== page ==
User Guide

For an introduction to the application and use of Certified Reference Materials in absorption spectrophotometry



These Reference Materials can be used to qualify the Stray Light (or Stray Radiant Energy) of ultraviolet spectrometers according to the Filter Ratio or Meilenz method. This method is described in ASTM E 387 and is recommended for instrumentqualification by the US Pharmacopeiain its Chapter <857>, published in May 2015. Chapter <857> is mandatory from 1st May 2016. The European Pharmacopoeia and most other regulatory bodies recommend the Specific Wavelength method.


Description and Discussion

A range of cut-off filter solutions that allow stray light to be checked at a range of wavelengths from 200 nm to 390 nm. Each liquid filter is permanently sealed by heat fusion into a 10 mm high quality far UV quartz cell and a 5mm cell of thesame liquid is used as a back-off in the instrument’s reference beam. A spacer is supplied so that the 5mm cell can be held securely in the reference beam cell holder. Starna alkali halidestray light Certified Reference Materials are prepared in accordance with ASTM E-387.

Stray light, also called Stray Radiant Energy or Power, is anylight reaching the detector that is outside the Spectral BandWidth selected for analysis by the monochromator. It can be due to optical imperfections or stray reflections withinthe monochromator itself or to light leaks or other effects in the rest of the optical system. As the detector cannotdiscriminate between the analytical wavelength and thestray light, the stray light contributes to the detector signal and introduces an error in the measured absorption. The stray light is not absorbed even at high concentrations of the absorbing species, so its effect is a negative deviationfrom the linear relationship between concentration and absorbance (the Beer-Lambert law) on which most quantitative determinations are based.

Stray light is wavelength and instrument dependant. It can be present at any wavelength but is most noticeable when the energy throughput of the system at the analytical wavelength is relatively low, for example in the far UV region, and any stray light will be comparatively more significant. At these wavelengths, any deterioration in the instrument optics or UV light source will exaggerate the apparent stray light, so It is desirable to check it even if the instrument is not to be used in the far UV, as it is an excellent way of monitoring the condition of the instrument optics.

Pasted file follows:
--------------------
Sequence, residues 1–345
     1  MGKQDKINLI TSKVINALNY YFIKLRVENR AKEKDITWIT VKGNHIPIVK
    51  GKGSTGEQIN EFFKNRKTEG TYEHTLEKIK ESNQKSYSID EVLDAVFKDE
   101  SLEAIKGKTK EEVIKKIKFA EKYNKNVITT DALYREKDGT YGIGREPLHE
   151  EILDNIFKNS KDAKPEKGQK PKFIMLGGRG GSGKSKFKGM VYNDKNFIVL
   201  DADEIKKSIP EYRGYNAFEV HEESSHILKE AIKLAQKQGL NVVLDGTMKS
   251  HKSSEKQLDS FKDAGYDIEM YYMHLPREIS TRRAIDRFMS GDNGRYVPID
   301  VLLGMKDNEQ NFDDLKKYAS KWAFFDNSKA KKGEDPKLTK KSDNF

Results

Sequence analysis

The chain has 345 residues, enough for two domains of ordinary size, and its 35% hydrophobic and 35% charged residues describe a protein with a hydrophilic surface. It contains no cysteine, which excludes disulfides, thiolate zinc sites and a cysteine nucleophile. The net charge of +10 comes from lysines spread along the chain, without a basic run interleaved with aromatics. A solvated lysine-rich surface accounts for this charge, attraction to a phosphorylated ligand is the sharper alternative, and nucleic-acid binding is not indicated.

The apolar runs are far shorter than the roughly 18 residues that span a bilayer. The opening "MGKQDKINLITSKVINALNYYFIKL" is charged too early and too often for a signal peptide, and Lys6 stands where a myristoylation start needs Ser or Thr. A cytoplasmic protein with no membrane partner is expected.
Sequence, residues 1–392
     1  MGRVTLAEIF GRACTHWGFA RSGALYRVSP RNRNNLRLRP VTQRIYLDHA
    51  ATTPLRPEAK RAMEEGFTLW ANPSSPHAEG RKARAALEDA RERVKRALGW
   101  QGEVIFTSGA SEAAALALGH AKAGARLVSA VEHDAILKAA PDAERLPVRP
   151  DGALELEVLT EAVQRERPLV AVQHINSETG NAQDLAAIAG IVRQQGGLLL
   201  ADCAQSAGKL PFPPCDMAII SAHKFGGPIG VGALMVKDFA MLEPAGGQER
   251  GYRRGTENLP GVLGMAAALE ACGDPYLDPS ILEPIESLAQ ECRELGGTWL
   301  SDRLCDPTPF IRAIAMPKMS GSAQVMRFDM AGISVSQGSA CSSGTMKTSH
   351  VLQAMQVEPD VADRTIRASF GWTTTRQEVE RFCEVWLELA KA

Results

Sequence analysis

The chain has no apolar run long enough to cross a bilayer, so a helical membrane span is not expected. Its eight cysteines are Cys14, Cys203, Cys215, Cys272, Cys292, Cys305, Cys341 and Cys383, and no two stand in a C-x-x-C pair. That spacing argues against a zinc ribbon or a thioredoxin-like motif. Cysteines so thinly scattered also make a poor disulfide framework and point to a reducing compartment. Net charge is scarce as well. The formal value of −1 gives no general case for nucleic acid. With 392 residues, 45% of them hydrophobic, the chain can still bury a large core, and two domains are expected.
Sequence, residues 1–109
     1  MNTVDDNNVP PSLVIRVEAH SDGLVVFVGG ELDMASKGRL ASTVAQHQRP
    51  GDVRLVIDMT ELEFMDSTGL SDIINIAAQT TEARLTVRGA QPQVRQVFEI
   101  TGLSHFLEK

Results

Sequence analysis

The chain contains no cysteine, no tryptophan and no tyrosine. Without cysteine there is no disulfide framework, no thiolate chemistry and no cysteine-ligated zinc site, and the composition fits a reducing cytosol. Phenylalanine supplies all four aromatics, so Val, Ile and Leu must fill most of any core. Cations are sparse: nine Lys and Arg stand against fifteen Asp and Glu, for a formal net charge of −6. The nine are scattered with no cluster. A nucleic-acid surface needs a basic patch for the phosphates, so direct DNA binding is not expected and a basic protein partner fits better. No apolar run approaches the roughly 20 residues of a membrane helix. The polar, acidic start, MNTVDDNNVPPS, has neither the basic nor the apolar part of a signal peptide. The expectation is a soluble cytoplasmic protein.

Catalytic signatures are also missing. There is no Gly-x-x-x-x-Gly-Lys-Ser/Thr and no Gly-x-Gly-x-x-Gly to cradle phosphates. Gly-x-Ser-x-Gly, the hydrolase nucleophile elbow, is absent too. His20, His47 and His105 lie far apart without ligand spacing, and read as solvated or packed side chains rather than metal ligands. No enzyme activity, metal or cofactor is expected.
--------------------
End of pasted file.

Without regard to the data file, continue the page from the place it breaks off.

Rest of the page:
The usual way of assessing stray light is to measure, at the desired analytical wavelength, a sample that totally absorbs the radiation at that wavelength, but transmits at all other wavelengths. Any light detected by the instrument is then stray light. In the traditional method, known as the “Specified Wavelength” method, the cut-off filter appropriate to the analytical wavelength is scanned against a water blank.

This method was also accepted by the US Pharmacopoeia until May 2015, when ca new chapter <857> was issued,recommending the Solution Filter Ratio method, also
known as the Meilenz method. In this method the reference materials are measured not against water, but against a 5 mm path length cell containing the same solution. This has theeffect of “backing off” the measured absorbance, resulting in a peak. Spectra obtained with a Potassium Chloride reference material using the two methods are shown below:

The differential absorbance value (ΔA) at the peak is related empirically to the Stray-Light level (s) by

s = 0.25 x 10 –2*ΔA

Practically, this means that an instrument exhibiting 1% stray light would give a differential absorbance value at the peak of > 0.7A. This is the instrument qualification requirement of the USP.

Typical spectra


These typical spectra were recorded on three instruments with different stray light characteristics:

The peak wavelength is different on each instrument due to their different stray light characteristics, but in all three cases the absorbance maximum is greater than 0.7A, so all these instruments satisfy the USP stray light requirement.

For comparison purposes, the equivalence of the two test methods is indicated in the table:

An instrument giving an absorbance of >2.0 A using theSpecified Wavelength method should give a differentialabsorbance of >0.7A using the Filter Ratio method.

The working ranges of the solutions as cited in the USP are:

Filter Ratio Absorbance (Δ A) Specified Wavelength Absorbance (A)
0.3 1.3
0.5 1.6
0.7 2.0
1.0 2.6
1.5 3.6
2.0 4.6
2.5 5.6

Material  CONCENTRATION  Usable range Catalogue Number 

Sodium Nitrite, 10mm and 5 mm cells

5% aqueous

300 - 385 nm  RM-SN/5

Acetone, 10mm and 5 mm cells

Spectroscopy grade

250 - 320 nm  RM-AC/5

Potassium Iodide, 10mm and 5 mm cells

1% aqueous

210 - 259 nm  RM-KI/5

Sodium Iodide, 10mm and 5 mm cells

1% aqueous

210 - 259 nm  RM-SI/5

Potassium Chloride, 10mm & 5 mm cells

1.2% aqueous

190 - 205 nm  RM-KC/5 



Catalogue Number


Material  Catalogue Number 

Universal Stray Light reference set, EP and USP compliant


Material  Catalogue Number 

Sodium Nitrite, 10mm and 5 mm cells


Acetone, 10mm and 5 mm cells


Potassium Iodide, 10mm and 5 mm cells


Sodium Iodide, 10mm and 5 mm cells


Potassium Chloride, 10mm & 5 mm cells